As Jim Cramer watched Valeant's outgoing CEO Mike Pearson testify on price gouging this week, he wondered if the worst is finally over for all things pharmaceutical.
"When this kind of controversy finally gets to the point where there are Congressional hearings, historically it's the endpoint, not the start of an attack on what drug companies do," the "Mad Money" host said.
In fact, Cramer is seeing signs everywhere that at last the long drought for drug companies on Wall Street might finally be over.
The first indication was consolidations have started again. Abbott Labs purchased St. Jude Medical for $25 billion in a deal that Cramer loved. Sanofi also made a hostile bid for Medivation, and AbbVie announced a $5.8 billion acquisition of Stemcentrx.
"Put it all together, and we saw $45 billion worth of merger announcements in one day," Cramer noted. "That's incredible, and it's a welcome sign … This kind of M&A is crucial to the value underpinnings of a group that is often based on pipelines, not earnings."
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The second hopeful sign for pharma was that drug companies with good earnings are finally being rewarded with higher prices. That might seem logical, but the opposite had been occurring in the beginning of the year.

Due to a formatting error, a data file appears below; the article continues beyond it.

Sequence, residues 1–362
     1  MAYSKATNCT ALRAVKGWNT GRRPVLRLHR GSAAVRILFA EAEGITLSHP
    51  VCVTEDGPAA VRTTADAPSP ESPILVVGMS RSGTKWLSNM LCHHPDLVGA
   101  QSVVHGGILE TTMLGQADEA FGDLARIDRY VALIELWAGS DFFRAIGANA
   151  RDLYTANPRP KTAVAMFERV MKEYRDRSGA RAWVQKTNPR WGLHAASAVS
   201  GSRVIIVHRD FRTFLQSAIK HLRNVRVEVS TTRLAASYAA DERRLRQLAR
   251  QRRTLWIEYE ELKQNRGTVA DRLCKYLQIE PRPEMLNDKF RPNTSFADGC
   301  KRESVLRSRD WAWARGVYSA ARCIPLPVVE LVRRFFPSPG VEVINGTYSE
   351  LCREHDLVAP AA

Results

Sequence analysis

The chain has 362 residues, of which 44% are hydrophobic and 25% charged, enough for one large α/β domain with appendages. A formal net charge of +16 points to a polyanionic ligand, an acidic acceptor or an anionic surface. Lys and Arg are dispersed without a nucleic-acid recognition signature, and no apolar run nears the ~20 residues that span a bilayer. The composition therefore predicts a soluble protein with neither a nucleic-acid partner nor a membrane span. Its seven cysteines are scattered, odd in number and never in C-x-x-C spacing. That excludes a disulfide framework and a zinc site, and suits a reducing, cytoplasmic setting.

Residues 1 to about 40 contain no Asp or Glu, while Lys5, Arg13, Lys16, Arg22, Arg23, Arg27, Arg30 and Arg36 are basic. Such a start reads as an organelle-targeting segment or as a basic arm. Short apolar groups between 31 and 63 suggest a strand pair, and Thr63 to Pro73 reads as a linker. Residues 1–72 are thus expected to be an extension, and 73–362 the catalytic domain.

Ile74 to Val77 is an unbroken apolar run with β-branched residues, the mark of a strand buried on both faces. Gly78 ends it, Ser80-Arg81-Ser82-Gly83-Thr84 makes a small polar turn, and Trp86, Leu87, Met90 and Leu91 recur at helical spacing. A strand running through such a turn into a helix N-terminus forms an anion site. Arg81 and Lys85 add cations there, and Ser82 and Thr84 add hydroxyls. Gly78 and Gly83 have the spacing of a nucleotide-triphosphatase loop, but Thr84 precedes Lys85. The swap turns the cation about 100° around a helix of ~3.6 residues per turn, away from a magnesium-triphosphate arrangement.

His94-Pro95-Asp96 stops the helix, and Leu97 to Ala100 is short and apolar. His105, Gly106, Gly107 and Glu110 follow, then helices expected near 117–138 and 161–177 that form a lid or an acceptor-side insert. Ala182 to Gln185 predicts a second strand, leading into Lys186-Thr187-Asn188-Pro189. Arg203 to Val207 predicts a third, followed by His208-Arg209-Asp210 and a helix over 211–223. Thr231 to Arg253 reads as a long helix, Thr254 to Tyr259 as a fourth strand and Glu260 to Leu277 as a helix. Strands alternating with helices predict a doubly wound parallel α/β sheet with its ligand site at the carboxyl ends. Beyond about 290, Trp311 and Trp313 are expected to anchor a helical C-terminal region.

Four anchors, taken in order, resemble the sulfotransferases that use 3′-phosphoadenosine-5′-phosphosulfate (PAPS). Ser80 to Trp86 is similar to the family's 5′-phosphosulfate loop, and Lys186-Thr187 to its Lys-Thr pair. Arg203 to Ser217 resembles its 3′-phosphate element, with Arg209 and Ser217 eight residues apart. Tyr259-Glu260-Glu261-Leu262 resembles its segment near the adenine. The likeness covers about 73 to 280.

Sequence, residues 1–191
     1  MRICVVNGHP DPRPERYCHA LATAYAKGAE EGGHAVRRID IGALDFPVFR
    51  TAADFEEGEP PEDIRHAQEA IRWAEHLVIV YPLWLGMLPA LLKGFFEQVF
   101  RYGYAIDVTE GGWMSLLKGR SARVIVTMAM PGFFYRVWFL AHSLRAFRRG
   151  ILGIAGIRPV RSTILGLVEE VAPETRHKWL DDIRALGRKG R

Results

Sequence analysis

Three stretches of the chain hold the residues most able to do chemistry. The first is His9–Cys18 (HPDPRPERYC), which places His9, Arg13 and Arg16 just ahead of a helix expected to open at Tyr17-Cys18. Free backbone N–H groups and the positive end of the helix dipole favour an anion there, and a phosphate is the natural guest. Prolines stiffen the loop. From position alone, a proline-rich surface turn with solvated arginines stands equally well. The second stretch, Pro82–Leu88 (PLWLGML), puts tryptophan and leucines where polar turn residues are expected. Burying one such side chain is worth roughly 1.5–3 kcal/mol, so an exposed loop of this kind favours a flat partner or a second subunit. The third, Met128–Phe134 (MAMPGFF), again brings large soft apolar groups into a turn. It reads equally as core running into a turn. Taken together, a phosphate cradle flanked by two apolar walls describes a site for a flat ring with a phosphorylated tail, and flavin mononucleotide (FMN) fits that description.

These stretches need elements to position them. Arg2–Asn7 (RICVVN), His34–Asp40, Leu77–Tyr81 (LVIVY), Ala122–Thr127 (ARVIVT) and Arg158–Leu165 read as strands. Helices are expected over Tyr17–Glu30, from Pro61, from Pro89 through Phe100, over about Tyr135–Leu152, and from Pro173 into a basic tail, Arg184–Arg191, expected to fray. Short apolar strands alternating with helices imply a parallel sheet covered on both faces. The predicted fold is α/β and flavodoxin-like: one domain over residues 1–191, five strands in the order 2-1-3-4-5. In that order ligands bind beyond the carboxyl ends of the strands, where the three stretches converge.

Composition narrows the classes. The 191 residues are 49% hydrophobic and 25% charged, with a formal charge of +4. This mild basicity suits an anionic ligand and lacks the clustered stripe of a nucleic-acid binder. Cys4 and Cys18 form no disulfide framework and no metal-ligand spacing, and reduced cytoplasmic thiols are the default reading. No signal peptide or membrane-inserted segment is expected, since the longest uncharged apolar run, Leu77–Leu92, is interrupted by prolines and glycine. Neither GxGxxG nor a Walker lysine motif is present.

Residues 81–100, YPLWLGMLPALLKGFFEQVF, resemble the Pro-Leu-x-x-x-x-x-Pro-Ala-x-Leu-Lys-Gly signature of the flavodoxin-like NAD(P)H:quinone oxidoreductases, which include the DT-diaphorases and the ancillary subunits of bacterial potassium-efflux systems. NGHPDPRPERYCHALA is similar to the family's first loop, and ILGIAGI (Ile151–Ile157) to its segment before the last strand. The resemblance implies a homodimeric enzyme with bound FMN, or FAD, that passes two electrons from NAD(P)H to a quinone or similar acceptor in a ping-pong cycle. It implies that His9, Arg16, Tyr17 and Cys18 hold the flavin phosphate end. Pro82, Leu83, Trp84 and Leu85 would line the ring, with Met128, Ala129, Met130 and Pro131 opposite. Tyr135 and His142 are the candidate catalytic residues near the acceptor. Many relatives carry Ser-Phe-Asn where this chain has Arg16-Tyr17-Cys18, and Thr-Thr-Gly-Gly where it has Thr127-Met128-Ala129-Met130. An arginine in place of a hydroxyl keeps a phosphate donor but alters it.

As for Valeant itself, stopping the bleeding at that company is vital to the entire group. And while Cramer didn't like the way late Perrigo CEO Joe Papa left the company, he does think Valeant is better off with him.
It gave Cramer the sense that pharma could be within 10 percent of a bottom. So, could pharma transform from a roving bear market to raging bull?
"My conclusion is yes, if you don't' own pharma, I would say it is time to do some buying," Cramer said.